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Ancient World Seminar: Rebecca Sweetman (St. Andrews) - "Opportunity beyond adversity: the rise and rise of the Roman and Late Antique Cyclades"

When:Mo 14-03-2016 16:15 - 17:30
Where:Faculty of Theology and Religious Studies (Oude Boteringestraat 38), room 130
Click to enlarge. Poster design by Caroline van Toor
Click to enlarge. Poster design by Caroline van Toor

The Cycladic islands flourished during the Hellenistic period; Thera was a Ptolemaic centre, Siphnos, Naxos and Paros thrived due to their natural resources. Moreover, Delos as an emporion was a hub in the economic network of the Eastern Mediterranean, and nearby islands such as Andros and Tenos profited as a result of phase transition from Delos. However, throughout the course of the 1st century BC, the islands were hit by a series of crises. The Cyclades became the inadvertent setting of a series of attacks and retributions. This took its toll, however once Delos was sacked by Mithridates in 88 BC and then again in 69 BC by pirates, the Cycladic network collapsed. No longer seen in terms of an economic powerhouse, the literary sources quickly rebranded the islands as being isolated places suitable largely for exile and little else. However, the archaeological data suggests otherwise. With the removal of a hub, a network normally breaks down into groups of smaller networks; I contend this is what happened in the Cyclades in the 1st century. Rather than declining, the archaeological data indicates a more nuanced picture, with different islands beginning to prosper. By the Late Antique period, many of the islands are succeeding to the point that they are the focus of the foundation of some of the earliest churches in the Greek provinces. This paper will focus on the evidence of network connections to highlight a diachronic view of resilience on the Cycladic islands in the wake of the crises at the end of the Hellenistic period.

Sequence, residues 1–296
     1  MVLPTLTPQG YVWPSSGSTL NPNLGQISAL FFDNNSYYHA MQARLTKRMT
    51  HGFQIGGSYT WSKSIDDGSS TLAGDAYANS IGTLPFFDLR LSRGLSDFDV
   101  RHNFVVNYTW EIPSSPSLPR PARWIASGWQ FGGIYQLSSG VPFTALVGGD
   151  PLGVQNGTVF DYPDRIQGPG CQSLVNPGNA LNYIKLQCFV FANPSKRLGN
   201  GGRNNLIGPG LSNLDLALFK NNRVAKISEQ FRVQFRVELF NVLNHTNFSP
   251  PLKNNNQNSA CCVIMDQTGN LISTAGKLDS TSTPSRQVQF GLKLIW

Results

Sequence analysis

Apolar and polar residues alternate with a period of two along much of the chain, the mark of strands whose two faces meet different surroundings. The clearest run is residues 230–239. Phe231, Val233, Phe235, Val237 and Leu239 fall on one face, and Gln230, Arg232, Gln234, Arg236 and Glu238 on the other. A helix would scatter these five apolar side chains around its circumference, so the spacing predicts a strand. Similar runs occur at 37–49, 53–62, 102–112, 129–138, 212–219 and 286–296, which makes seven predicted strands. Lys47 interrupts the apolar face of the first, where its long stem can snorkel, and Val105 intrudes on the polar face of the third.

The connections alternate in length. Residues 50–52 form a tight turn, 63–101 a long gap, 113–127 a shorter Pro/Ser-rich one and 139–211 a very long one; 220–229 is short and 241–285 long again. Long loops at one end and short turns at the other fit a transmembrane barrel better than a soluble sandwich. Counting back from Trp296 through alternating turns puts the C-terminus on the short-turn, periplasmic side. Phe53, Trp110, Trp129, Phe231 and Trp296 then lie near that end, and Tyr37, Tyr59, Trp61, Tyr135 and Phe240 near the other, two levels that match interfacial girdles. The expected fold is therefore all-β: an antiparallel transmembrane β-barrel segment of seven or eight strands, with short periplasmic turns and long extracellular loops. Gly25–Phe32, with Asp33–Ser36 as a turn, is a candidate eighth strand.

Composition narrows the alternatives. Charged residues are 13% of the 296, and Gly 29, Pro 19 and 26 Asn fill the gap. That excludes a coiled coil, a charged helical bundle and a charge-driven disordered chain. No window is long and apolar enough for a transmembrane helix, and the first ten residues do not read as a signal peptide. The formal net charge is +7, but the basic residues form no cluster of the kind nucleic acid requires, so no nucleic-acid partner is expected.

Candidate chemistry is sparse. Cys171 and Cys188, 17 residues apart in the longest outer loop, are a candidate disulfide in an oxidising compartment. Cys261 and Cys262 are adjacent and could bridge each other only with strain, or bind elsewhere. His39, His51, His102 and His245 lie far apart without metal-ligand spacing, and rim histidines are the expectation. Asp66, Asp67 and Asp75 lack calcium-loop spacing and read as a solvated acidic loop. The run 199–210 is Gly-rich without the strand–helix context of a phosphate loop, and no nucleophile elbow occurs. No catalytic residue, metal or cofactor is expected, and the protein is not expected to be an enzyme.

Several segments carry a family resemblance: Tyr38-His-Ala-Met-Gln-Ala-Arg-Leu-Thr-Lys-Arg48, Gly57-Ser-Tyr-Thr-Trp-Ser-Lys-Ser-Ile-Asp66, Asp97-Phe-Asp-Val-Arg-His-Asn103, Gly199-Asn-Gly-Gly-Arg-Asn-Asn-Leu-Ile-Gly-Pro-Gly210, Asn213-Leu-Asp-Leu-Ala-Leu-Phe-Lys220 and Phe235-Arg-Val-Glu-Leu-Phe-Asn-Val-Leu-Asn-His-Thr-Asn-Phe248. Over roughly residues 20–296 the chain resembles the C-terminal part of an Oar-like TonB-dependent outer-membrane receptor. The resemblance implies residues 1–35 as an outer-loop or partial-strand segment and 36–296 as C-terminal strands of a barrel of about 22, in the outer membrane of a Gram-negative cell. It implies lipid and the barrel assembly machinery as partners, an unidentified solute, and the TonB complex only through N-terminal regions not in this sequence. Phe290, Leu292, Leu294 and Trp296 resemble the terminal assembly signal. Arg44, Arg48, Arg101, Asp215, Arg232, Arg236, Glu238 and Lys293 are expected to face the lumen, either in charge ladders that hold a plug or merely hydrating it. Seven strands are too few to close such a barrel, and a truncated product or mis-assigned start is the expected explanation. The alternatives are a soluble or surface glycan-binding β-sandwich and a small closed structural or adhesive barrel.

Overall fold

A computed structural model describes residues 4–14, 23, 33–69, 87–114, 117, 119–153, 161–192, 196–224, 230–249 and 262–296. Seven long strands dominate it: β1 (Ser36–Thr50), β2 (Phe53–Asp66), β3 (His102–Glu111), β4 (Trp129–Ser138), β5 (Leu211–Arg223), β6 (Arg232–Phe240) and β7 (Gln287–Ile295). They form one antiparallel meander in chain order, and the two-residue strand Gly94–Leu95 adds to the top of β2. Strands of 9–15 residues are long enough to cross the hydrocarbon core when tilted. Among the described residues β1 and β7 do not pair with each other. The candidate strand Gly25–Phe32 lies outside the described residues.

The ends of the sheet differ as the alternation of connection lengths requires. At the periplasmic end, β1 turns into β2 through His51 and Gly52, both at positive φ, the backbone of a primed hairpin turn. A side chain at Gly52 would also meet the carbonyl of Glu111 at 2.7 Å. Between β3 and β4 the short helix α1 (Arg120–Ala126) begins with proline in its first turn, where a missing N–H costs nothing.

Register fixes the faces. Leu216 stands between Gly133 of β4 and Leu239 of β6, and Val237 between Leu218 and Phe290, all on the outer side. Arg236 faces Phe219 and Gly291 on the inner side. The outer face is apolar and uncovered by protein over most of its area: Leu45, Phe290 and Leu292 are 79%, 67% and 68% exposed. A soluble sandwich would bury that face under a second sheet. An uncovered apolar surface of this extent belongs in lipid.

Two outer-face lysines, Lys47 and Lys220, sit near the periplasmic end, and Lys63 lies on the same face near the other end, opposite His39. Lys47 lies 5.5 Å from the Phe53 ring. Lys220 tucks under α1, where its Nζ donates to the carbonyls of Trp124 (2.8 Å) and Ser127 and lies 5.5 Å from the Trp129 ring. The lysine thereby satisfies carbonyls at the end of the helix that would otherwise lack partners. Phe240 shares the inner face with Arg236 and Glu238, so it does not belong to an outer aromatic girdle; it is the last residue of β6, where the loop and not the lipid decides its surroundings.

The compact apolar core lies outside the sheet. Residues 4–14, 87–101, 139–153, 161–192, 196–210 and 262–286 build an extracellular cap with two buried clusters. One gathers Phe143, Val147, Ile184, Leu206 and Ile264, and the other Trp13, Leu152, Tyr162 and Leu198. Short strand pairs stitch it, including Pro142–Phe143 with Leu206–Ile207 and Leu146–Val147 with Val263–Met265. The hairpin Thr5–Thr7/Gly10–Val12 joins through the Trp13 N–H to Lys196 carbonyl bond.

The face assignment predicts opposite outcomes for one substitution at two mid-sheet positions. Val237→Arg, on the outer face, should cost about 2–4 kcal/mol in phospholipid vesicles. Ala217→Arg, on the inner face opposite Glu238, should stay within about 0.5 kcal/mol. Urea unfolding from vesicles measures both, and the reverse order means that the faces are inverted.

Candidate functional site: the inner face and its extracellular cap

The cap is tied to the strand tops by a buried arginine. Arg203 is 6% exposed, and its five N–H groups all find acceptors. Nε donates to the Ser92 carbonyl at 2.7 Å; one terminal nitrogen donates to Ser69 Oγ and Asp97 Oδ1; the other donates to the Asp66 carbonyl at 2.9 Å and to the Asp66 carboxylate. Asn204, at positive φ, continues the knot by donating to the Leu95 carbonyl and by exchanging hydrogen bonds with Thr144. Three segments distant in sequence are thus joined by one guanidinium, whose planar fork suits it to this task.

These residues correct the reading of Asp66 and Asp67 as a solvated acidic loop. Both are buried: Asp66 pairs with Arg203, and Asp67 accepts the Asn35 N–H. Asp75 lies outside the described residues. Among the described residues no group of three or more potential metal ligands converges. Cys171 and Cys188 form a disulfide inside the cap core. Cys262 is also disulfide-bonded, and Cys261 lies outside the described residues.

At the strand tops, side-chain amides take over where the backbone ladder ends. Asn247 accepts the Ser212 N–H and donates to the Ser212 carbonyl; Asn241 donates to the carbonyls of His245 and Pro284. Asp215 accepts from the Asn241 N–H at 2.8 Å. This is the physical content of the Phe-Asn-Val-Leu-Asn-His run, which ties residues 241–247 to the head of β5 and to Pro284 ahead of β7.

Rebecca Sweetman is a senior Lecturer in Ancient History & Archaeology and she teaches Greek and Roman History & Archaeology. As a former Assistant Director of the British School at Athens, she has had a long association with Greece and she has worked on a number of sites including Knossos and Corinth, and her own projects have included the excavations on a Late Antique church in Sparta and the Bronze Age city of Phylakopi in Melos. Her recent monograph entitled The Mosaics of Roman Crete, Art Archaeology and Social Change (CUP 2013) examined the archaeology of Roman and Late Antique Crete and she has edited a volume on Roman colonies (100 years of Solitude. Roman colonies in the first century of their foundation). She is currently working on the Christianization of the Peloponnese as well as the Cyclades in the Roman period.